How is the story the lottery organized?

Therefore, the story “The Lottery” is structured in the same manner as any other traditional short story with a clear beginning, middle, and end. However, it is the language that is used throughout the narrative what creates in the reader the confusion as to what is really going on.

What is the point of the story The Lottery?

The point is, follow the rules, because those are the rules. The point of the story as a whole to the reader though is a warning against blindly following rules. The lottery system seems stupid to the reader only because most readers would question the law in the first place.

What important preparation is made a night before The Lottery?

The night before the drawing the two men prepare slips for every household in the community–but not for every individual member of every household. The night before the lottery, Mr. Summers and Mr. Graves made up the slips of paper and put them in the box, and it was then taken to the safe of Mr.

Why did Tessie get stoned in The Lottery?

Tessie is stoned to death because she’s the “winner” of the lottery. The townspeople seem to believe that unless they sacrifice one of their own, crops will fail. It’s an old tradition, and very few think to question it at all.

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What does The Lottery teach you?

The moral lessons of “The Lottery,” therefore, are that evil comes of conformity, and that the worst things we do are often things so familiar to us that we do not even trouble to think of them in moral terms or question their value.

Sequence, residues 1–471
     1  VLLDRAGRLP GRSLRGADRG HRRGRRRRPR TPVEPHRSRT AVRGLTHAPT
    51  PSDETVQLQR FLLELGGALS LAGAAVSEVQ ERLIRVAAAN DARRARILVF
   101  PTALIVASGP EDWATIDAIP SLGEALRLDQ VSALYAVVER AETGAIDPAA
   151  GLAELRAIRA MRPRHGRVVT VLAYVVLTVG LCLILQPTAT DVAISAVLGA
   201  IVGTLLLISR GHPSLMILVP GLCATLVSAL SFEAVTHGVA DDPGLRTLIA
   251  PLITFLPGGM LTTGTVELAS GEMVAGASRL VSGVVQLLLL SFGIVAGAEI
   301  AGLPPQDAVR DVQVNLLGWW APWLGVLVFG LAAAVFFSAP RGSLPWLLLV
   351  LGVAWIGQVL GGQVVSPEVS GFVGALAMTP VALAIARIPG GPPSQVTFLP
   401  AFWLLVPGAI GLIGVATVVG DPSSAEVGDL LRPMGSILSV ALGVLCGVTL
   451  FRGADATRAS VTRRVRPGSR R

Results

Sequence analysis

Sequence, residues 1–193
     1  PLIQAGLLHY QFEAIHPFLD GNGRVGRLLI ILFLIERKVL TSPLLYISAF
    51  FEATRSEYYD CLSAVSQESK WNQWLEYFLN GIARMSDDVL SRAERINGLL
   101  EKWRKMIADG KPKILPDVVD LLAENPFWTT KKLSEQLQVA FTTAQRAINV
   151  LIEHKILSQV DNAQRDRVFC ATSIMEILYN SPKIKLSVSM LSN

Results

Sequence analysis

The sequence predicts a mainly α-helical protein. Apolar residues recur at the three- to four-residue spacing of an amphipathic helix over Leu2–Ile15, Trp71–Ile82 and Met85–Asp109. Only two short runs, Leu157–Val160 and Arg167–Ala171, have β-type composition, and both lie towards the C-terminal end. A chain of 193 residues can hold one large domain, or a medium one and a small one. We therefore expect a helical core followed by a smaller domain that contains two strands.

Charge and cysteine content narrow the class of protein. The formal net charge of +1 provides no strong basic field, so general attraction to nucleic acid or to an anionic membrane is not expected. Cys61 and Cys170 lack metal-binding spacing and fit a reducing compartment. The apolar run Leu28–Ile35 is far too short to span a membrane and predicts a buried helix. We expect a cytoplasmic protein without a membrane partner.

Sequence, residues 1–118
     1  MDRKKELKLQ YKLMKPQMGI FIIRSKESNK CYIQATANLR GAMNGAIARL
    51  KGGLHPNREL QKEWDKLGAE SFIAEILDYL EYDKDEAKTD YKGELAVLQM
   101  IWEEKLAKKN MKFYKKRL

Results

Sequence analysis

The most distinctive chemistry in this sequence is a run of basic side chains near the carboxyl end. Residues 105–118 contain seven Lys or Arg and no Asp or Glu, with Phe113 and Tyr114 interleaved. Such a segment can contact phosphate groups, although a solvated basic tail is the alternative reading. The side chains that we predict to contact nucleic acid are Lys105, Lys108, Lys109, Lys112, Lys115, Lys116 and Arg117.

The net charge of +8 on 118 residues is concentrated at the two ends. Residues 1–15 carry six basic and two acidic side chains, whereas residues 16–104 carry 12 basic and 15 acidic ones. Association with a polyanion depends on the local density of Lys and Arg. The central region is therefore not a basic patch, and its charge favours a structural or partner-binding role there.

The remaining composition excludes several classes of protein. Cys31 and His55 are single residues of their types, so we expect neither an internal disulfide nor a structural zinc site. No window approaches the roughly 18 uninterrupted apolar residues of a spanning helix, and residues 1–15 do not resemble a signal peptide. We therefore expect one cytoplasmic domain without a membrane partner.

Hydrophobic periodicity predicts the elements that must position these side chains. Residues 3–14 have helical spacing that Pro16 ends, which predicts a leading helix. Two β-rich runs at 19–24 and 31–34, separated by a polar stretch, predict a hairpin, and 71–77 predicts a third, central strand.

What is the main conflict of The Lottery?

Person versus society is the major conflict in “The Lottery” because the conflict revolves around Tessie Hutchinson’s struggle against her town, the citizens of which insist on observing a ritual of sacrifice each year in blind adherence to tradition.

Why does Tessie think The Lottery is unfair?

Tessie thinks the lottery is unfair because she won. If someone else won, she would not have complained at all. … This is an example of situational irony in that the readers do not expect that the winner of the lottery will be killed.

Why do they kill in The Lottery?

It was a ritual sacrifice: the community believed, even though the story takes place in twentieth-century America, that they needed a blood offering in order to have a good harvest. To find a sacrificial victim, the community holds an annual lottery. … She “won” the lottery by getting her ticket drawn on the lottery day.

What is the irony in The Lottery?

The plot as a whole in “The Lottery” is filled with ironic twists. The whole idea of a lottery is to win something, and the reader is led to believe that the winner will receive some prize, when in actuality they will be stoned to death by the rest of the villagers.

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